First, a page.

Sunday, entirely encouraged by the results of day 1, I grabbed a pound of Romney fleece that I scoured a couple weeks ago and smushed it into more jars with dye, hot water and vinegar. As you can see, the rainbow theme carried through the weekend! Again at the end of the day I was thankful for almost 100 degree temps and a much cooler kitchen.

Also on Sunday I dyed two 8-ounce bundles of faux cashmere in gallon jars. These babies were so hot at the end of the day I needed oven mitts to get them back in the house! That’s the thing, be careful if you do this! Water heated by the sun in a glass jar is hot and broken glass is not good so, you know, caution!

All that fiber now drying, I shifted my focus to sock yarn. This morning before leaving for the day job I put six skeins out to solar dye, I am admittedly dorking out about getting home tonight to see what results I will get! One of the hardest things about having a day job and still trying to be a spinner/dyer is that I am often struck by inspiration when at work and unable to do much if anything about it. The knowledge that I’m still getting something done on the yarn front while I’m working my day job is oddly soothing.

As long as the hot temps last, solar dyeing is going to be a part of my routine. It’s all about finding the silver lining, apparently! 🙂

Happy New Year!

Wow, 2010, I can hardly fathom it!

I had the good fortune of having four days off work over New Years, I am almost dreading going back to work tomorrow because I’ve gotten used to doing everything that falls under “not work” during my time off.

As usual, there was a lot of yarning going on in my house. Yesterday I spent amost the entire day dyeing roving, today I spent several hours spinning. I have 3 new skeins of handspun twist setting and about 50 skeinlets to wind.

I realized a few days ago that a lot of the supplies for carding that I’d accumulated in the past three years are rapidly dwindling. I guess I shouldn’t be so surprised, I have carded a lot of fiber, especially for what eventually becomes my Bedlam yarns since I bought my drumcarder in 2007. Building supply for me from the beginning had to be a gradual thing due to financial constraints, I suspect rebuilding will come about in the same manner.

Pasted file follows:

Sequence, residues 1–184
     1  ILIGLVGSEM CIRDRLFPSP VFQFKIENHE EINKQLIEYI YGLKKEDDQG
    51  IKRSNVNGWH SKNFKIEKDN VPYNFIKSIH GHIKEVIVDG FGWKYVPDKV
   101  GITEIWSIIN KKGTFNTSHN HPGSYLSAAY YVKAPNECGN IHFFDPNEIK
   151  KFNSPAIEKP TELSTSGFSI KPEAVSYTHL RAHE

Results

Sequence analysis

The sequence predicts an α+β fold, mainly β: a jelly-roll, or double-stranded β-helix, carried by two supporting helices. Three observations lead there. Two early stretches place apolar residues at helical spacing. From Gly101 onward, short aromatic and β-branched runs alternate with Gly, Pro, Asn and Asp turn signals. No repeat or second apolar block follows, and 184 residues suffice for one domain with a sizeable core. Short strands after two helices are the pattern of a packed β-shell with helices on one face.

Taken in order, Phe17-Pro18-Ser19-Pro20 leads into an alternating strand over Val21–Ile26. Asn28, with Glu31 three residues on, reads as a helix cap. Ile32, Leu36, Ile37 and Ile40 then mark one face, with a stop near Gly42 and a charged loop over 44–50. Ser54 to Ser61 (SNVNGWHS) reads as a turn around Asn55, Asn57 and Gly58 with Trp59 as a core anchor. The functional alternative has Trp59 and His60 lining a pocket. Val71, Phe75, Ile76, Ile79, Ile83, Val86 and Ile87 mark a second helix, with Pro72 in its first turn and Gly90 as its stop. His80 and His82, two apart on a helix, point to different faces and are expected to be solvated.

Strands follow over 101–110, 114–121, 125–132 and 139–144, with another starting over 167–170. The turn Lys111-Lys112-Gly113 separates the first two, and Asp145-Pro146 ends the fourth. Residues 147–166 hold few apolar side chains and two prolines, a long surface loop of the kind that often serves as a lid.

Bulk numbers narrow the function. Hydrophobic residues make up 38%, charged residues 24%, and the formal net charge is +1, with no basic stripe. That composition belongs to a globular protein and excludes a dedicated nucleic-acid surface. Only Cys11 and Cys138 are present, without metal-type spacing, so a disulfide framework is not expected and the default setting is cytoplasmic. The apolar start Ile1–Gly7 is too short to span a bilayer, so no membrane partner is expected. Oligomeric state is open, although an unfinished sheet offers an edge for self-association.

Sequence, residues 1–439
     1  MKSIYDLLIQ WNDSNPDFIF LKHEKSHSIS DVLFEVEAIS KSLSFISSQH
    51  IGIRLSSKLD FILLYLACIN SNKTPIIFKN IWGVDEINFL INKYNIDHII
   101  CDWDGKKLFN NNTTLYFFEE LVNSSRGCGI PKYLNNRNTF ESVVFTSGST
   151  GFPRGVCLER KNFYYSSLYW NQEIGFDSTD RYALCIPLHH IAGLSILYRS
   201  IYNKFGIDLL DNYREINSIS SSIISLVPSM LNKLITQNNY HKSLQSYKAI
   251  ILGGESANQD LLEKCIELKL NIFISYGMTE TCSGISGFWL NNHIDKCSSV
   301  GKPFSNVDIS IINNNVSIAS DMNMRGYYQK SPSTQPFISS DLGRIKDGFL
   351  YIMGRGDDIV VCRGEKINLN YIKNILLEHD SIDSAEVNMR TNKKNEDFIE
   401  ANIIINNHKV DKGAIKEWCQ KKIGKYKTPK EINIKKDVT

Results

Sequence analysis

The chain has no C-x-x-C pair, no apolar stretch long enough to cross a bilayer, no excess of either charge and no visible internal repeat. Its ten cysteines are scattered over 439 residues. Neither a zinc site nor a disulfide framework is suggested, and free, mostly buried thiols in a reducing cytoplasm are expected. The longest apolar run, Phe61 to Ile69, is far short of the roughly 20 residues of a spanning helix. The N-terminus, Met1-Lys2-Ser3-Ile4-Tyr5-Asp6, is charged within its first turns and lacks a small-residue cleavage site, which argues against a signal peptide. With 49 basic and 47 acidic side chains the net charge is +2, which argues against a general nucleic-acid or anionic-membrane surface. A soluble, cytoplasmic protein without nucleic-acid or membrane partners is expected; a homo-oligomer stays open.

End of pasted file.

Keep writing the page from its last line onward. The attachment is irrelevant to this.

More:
If anything, I find myself wishing I lived in a community that had a spinning/fiber arts store. We have a couple yarn stores here but the spinning supplies are almost nonexistant other than undyed roving or the occasional solid color. It  irritates me because I’m pretty much a instant gratification sort of person and having to order everything online does nothing for my impatience factor. In July 2009 I visited my best friend Jen, who lives in Maine. We made several trips to the Portland Fiber Gallery & Weaving Studio while I was there and I was so impressed with the fact that all I had to do was grab bags and start stuffing assorted fibers and blendables into them. I would so dearly love to own or co-own a spinning/yarn/fiber arts store with Jen some day!  Though I wonder if we’d spin it all before we could sell it!

Rambling on, as usual!

Here are some photos of recently listed items at my etsy store: fabulosity.etsy.com

Skeinlet Sensation (mini skeins of my handspun) I’ve offered over 50 of these not counting custom orders!

Bedlam yarns, as mentioned above:

Handpainted commercially spun yarn:

And a new to me creation, Scraptastic yarns: